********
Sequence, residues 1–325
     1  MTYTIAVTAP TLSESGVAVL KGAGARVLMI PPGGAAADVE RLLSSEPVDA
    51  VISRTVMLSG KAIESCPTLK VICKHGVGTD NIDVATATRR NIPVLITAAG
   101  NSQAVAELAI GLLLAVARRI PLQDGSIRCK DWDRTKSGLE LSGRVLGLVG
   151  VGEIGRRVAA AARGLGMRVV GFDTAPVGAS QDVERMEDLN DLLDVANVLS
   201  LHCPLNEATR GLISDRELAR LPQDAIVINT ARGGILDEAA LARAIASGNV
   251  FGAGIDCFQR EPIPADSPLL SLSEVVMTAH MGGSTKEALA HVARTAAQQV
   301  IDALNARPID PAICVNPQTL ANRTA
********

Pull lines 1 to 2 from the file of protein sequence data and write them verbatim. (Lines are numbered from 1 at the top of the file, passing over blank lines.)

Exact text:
Sequence, residues 1–325
     1  MTYTIAVTAP TLSESGVAVL KGAGARVLMI PPGGAAADVE RLLSSEPVDA